Film review: On Her Shoulders, and Bergman — A Year In A Life

by
25 January 2019

Stephen Brown views new works by two documentary-makers

Nadia Nurad Basee Taha surrounded by fellow demonstrators in On Her Shoulders

Nadia Nurad Basee Taha surrounded by fellow demonstrators in On Her Shoulders

THE subject of On Her Shoulders (Cert. 12A) is Nadia Nurad Basee Taha. It is a documentary about the massacre of Yazidi Christians in northern Iraq by the so-called Islamic State invaders in 2014. She witnessed the slaughter of six hundred villagers, including her family. The attackers raped and tortured the 19-year-old girl, taking her and other young women into sexual slavery. Eventually escaping, she spent time in an Iraqi refugee camp before moving to Germany.

Viewers are spared much of the details of her ordeal. Nadia speaks in a fairly restrained way about it; nor does the director Alexandra Bombach fill in the gaps. We are left to experience the pain through the copious tears that both Nadia and other survivors shed. Still only 21, Nadia addressed the United Nations Security Council in an attempt to alert the world to the numerous Yazidis still captive, besides describing what had already happened. We witness her speaking to presidents at a UN ceremony when she was made a Goodwill Ambassador for the Dignity of Survivors of Human Trafficking.

The film chronicles Nadia’s travels around the globe repeatedly telling the story. It begins to have a liturgical feel similar to the anamnesis of the eucharist. Every time she recalls what happened, she is doing it in remembrance of lives sacrificed. We ourselves are drawn into and relive it ourselves.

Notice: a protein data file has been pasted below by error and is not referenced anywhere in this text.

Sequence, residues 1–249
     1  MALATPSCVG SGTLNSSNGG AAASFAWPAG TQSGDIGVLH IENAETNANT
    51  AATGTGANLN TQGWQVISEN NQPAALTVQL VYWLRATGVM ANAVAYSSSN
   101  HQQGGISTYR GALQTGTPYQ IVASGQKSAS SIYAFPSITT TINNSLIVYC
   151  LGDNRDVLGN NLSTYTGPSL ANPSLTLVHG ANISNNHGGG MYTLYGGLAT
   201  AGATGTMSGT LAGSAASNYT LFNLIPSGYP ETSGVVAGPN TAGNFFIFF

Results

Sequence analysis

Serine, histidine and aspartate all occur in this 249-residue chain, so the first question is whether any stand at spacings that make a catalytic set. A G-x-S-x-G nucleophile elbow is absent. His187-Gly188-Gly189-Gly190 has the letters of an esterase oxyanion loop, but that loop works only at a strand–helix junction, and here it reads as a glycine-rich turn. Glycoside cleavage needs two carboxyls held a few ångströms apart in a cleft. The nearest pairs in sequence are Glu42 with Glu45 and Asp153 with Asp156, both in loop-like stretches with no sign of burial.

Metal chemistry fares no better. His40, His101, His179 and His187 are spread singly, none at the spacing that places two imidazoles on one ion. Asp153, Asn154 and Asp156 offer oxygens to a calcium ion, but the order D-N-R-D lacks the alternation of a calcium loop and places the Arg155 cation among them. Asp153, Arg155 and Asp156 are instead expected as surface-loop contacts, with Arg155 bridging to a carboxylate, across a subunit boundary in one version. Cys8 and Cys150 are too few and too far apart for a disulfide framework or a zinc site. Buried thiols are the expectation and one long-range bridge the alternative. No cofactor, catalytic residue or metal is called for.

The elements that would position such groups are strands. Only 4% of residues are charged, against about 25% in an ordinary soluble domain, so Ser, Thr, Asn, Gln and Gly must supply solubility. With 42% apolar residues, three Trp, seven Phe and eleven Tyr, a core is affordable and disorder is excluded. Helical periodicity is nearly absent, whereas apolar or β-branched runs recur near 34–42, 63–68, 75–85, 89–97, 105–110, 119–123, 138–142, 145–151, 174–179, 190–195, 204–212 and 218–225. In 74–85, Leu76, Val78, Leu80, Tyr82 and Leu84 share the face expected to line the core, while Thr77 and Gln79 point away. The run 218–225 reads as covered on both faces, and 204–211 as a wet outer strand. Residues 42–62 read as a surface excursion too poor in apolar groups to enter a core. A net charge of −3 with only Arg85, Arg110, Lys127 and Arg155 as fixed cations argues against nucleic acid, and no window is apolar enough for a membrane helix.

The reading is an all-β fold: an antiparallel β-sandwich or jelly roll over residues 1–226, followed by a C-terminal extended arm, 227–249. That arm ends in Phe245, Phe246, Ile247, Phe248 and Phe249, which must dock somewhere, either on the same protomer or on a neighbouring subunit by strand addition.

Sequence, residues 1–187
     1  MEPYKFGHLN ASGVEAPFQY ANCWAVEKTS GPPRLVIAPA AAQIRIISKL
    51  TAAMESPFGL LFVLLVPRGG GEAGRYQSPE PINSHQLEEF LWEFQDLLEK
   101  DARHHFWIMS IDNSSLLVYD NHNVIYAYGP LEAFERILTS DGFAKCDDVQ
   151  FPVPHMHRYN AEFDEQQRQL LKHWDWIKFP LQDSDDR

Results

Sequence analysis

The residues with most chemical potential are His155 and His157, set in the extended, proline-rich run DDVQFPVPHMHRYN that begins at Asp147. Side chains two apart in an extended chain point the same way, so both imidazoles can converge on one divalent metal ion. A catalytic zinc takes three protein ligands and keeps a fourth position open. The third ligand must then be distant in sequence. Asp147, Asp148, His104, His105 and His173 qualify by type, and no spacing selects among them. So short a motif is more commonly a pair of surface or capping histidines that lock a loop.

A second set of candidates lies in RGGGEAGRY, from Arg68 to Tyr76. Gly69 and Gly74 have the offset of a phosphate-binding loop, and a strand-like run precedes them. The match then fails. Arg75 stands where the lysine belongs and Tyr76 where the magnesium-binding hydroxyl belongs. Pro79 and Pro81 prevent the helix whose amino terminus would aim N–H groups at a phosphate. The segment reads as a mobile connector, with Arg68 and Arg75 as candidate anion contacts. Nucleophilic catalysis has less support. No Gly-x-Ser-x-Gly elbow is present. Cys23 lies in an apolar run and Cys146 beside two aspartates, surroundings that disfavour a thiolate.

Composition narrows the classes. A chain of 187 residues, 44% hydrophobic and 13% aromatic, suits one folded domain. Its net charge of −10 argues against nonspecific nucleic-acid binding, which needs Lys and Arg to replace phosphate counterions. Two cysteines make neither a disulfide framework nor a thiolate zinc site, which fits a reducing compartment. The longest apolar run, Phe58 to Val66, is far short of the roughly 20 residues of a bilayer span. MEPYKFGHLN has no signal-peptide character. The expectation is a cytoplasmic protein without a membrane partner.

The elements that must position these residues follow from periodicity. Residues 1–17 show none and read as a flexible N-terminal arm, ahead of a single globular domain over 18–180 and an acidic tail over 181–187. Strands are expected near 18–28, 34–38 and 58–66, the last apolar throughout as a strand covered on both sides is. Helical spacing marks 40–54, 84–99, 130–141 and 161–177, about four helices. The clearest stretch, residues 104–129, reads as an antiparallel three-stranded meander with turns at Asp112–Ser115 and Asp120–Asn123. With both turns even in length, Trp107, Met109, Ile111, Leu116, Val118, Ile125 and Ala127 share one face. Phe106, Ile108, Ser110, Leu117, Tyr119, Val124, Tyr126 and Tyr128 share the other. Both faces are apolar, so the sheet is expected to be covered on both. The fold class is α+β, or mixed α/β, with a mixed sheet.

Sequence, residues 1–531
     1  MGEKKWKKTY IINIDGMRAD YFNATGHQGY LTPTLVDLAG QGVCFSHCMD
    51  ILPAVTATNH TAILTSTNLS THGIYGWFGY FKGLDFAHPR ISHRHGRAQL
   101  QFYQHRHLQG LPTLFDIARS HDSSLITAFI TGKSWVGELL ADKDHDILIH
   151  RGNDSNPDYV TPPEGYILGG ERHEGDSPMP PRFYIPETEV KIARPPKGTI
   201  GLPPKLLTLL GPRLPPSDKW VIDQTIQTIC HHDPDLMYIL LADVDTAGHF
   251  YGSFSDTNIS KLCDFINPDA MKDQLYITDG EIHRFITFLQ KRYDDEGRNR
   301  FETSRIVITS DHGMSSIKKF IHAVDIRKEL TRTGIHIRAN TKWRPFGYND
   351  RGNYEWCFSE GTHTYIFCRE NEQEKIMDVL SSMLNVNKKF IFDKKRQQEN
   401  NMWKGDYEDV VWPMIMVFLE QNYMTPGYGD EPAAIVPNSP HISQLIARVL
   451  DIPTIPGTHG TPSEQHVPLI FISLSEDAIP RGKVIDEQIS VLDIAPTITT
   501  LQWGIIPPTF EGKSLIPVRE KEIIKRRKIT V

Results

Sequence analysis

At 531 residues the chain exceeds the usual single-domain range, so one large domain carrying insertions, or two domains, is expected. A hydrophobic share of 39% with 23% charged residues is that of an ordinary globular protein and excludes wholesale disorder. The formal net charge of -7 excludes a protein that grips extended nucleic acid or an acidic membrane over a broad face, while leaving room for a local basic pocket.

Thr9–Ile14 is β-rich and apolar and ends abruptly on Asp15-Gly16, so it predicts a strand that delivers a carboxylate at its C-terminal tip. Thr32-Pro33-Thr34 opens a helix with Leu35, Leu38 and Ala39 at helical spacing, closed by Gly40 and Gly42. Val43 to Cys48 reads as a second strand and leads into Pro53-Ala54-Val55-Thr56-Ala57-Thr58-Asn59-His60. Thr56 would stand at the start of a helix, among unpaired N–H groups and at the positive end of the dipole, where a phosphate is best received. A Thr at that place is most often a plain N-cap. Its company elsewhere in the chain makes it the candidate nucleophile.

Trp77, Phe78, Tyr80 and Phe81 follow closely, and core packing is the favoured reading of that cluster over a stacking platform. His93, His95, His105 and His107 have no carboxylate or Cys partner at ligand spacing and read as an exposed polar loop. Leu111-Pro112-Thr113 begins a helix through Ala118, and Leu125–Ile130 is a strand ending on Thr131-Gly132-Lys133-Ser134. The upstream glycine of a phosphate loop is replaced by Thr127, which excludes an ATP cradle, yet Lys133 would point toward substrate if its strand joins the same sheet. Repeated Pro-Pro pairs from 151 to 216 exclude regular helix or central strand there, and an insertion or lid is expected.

Nadia Nurad Basee Taha in On Her Shoulders

Nadia tells her story to various gatherings across Canada, as well as a rally in Berlin and on a visit to Greece. She is accompanied by Murad Ismael, who spearheads a Yazidi human-rights organisation and acts as her translator. In realitym there were several other places to which Nadia went and people whom she met, such as Pope Francis, or when receiving the Nobel Peace Prize. Whether it is in visiting refugee camps or speaking truth to power, we get the strong impression of a person epitomising some of St Paul’s words in 2 Corinthians 6: “unknown, yet well-known” (she would rather be the former); “dying, and yet we live on” (ambivalent about survival being a blessing); “punished, yet not killed; sorrowful, yet always rejoicing” (up to a point).

She does attract a good deal of media attention, not least because the human-rights lawyer Amal Clooney (whose husband is the film star George) has actively supported her campaign. Nadia complains that rarely do journalists ask the right questions. Far too many are about her personally rather than understanding what makes IS tick, or the sheer enormity of human suffering. Not only do the atrocities continue, but this Yazidi diaspora is perceived by many refugees as another genocide, fragmenting the solidity of a greatly cherished sense of community.

Overall, the film is only as good as what it contains, but we are left with several dangling conversations to be had. We never learn anything significant about Yazidis or their beliefs, or whether there is any closure to the enduring suffering that refugees carry with them. The nearest that we get is when it is said that the Yazidi community will heal when they have had justice. But what would constitute justice for them? Nobody says.